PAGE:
In the Old Testament, "hell" is translated from one word, Sheol. In the New Testament, "hell" is translated from three words Hades, Gehenna, and tartar.
In the Old Testament, 'hell' is always translated from the Hebrew word Sheol. Sheol is used 65 times in the Old Testament and means "the world of the dead," grave, or pit in Hebrew. However, in the Bible, it is translated as "grave" 31 times, "pit" 3 times, and "hell" the remaining 31 times. It is the place where both the wicked and the good went at death and is a place of stillness and darkness. It does imply a separation from God. However, notably absent is any concept of a lake of fire and eternal judgement/ damnation.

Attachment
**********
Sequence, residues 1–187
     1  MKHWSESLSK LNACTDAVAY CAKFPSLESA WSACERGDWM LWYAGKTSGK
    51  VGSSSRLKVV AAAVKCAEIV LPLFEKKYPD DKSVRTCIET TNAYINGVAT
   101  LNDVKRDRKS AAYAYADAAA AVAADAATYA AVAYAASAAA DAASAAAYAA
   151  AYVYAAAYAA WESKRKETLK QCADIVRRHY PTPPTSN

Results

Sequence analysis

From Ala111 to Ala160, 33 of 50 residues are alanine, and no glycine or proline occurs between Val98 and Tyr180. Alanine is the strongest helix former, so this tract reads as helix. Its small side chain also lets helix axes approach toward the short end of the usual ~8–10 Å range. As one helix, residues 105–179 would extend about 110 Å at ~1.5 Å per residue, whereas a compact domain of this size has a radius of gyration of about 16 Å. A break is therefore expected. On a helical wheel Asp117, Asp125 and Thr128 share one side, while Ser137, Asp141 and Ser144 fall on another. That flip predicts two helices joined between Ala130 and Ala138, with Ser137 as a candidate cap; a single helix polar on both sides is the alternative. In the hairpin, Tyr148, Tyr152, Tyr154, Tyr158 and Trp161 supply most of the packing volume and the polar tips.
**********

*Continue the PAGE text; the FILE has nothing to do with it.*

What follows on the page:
Hades is used 11 times in the New Testament as a direct translation to Greek from Hebrew Sheol and therefor takes in all the meaning of Sheol. Hades is considered the place of the dead. It has no relation to an afterlife reward or punishment in any instance except in the story in Luke (who was not one who heard Jesus teach directly) of the rich man 'in anguish in flame'. Interestingly,